1. A. Herring, A. Donath, M. Yarmolenko, E. Uslar, C. Conzen, D. Kanakis, C. Bosma, K. Worm, W. Paulus, K. Keyvani. Exercise during pregnancy mitigates Alzheimer-like pathology in mouse offspring. The FASEB Journal, 2011; DOI: 10.1096/fj.11-193193

Cite This Page:

Federation of American Societies for Experimental Biology. "Pregnant women who exercise protect their offspring against long-term neurodegenerative diseases, study suggests." ScienceDaily. ScienceDaily, 29 September 2011. <www.sciencedaily.com/releases/2011/09/110926104605.htm>.
Federation of American Societies for Experimental Biology. (2011, September 29). Pregnant women who exercise protect their offspring against long-term neurodegenerative diseases, study suggests. ScienceDaily. Retrieved October 23, 2014 from www.sciencedaily.com/releases/2011/09/110926104605.htm
Federation of American Societies for Experimental Biology. "Pregnant women who exercise protect their offspring against long-term neurodegenerative diseases, study suggests." ScienceDaily. www.sciencedaily.com/releases/2011/09/110926104605.htm (accessed October 23, 2014).

Share This



More Health & Medicine News

Thursday, October 23, 2014

Featured Research

from universities, journals, and other organizations


Featured Videos

from AP, Reuters, AFP, and other news services

Ebola Fears Keep Guinea Hospitals Empty

Ebola Fears Keep Guinea Hospitals Empty

AP (Oct. 23, 2014) Fears of Ebola are keeping doctors and patients alike away from hospitals in the West African nation of Guinea. (Oct. 23) Video provided by AP
Powered by NewsLook.com
Orthodontist Mom Jennifer Salzer on the Best Time for Braces

Orthodontist Mom Jennifer Salzer on the Best Time for Braces

Working Mother (Oct. 22, 2014) Is your child ready? Video provided by Working Mother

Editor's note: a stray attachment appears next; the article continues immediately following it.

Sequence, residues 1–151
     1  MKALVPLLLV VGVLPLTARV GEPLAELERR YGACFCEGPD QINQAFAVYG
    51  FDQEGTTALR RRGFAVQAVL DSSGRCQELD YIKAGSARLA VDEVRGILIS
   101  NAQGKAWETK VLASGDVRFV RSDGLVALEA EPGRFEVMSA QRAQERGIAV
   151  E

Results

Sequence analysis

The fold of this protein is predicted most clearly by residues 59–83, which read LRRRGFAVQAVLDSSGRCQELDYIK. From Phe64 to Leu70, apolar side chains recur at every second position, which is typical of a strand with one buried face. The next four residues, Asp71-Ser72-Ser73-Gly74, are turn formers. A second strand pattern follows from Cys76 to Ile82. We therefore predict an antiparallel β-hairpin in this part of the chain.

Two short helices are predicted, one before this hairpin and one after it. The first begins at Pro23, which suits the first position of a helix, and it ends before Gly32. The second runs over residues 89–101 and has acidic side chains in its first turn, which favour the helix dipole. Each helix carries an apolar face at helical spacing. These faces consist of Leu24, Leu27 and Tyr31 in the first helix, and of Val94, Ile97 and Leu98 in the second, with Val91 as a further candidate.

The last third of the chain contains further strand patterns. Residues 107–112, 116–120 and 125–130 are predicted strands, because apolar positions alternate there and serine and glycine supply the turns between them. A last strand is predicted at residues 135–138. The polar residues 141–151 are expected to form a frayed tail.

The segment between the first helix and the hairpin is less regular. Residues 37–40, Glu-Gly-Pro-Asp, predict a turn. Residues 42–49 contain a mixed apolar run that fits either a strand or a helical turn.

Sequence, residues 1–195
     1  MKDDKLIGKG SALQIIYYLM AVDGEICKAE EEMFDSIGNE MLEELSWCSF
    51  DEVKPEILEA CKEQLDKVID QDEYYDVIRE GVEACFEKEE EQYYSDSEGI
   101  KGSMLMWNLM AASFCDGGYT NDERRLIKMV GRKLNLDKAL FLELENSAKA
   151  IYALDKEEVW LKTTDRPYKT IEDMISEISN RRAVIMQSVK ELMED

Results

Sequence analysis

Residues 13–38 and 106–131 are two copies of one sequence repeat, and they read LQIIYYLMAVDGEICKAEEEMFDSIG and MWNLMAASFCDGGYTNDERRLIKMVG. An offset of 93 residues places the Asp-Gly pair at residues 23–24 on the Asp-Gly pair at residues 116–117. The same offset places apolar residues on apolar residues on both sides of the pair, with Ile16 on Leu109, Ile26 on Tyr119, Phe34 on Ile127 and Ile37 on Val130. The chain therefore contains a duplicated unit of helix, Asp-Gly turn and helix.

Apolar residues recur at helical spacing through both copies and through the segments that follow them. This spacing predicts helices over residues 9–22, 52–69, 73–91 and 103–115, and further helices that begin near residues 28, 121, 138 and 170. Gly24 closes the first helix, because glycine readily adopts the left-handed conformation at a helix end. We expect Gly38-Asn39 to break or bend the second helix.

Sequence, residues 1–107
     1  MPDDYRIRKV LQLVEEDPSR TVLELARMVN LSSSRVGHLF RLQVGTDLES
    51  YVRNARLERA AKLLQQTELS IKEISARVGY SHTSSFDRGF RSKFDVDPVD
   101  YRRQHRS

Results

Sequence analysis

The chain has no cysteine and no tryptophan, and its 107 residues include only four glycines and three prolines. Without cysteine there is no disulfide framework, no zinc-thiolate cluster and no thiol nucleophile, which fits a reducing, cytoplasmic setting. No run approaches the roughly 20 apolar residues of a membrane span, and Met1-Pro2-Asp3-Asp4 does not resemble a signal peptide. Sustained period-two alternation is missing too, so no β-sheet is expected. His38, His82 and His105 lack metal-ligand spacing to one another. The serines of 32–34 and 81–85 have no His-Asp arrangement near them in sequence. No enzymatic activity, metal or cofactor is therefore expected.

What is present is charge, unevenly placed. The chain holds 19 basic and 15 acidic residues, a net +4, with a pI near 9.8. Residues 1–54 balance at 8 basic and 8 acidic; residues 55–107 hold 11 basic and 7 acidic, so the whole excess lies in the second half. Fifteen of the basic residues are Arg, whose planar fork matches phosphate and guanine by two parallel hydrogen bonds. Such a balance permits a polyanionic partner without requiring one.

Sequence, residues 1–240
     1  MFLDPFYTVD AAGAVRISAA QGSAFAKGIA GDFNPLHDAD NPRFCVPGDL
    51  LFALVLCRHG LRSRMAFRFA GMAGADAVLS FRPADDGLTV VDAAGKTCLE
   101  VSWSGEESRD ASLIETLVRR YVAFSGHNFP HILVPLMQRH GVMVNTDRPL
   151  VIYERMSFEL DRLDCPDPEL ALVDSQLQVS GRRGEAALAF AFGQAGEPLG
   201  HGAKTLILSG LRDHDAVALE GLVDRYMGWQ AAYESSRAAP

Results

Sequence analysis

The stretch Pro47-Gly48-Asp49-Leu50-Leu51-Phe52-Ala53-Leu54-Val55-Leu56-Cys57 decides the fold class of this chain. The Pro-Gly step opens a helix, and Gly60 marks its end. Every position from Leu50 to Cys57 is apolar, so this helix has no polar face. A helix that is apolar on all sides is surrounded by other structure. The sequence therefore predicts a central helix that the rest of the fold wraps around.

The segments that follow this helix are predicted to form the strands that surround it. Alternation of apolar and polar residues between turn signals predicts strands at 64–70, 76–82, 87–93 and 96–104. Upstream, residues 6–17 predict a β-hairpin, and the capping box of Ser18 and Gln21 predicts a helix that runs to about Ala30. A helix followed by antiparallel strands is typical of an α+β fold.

Powered by NewsLook.com
U.S. Issues Ebola Travel Restrictions, Are Visa Bans Next?

U.S. Issues Ebola Travel Restrictions, Are Visa Bans Next?

Newsy (Oct. 22, 2014) Now that the U.S. is restricting travel from West Africa, some are dropping questions about a travel ban and instead asking about visa bans. Video provided by Newsy
Powered by NewsLook.com
More People Diagnosed With TB In 2013, But There's Good News

More People Diagnosed With TB In 2013, But There's Good News

Newsy (Oct. 22, 2014) The World Health Organizations says TB numbers rose in 2013, but it's partly due to better detection and more survivors. Video provided by Newsy
Powered by NewsLook.com

Search ScienceDaily

Number of stories in archives: 140,361

Find with keyword(s):
Enter a keyword or phrase to search ScienceDaily for related topics and research stories.

Save/Print:
Share:

Breaking News:

Strange & Offbeat Stories


Health & Medicine

Mind & Brain

Living & Well

In Other News

... from NewsDaily.com

Science News

Health News

Environment News

Technology News



Save/Print:
Share:

Free Subscriptions


Get the latest science news with ScienceDaily's free email newsletters, updated daily and weekly. Or view hourly updated newsfeeds in your RSS reader:

Get Social & Mobile


Keep up to date with the latest news from ScienceDaily via social networks and mobile apps:

Have Feedback?


Tell us what you think of ScienceDaily -- we welcome both positive and negative comments. Have any problems using the site? Questions?
Mobile: iPhone Android Web
Follow: Facebook Twitter Google+
Subscribe: RSS Feeds Email Newsletters
Latest Headlines Health & Medicine Mind & Brain Space & Time Matter & Energy Computers & Math Plants & Animals Earth & Climate Fossils & Ruins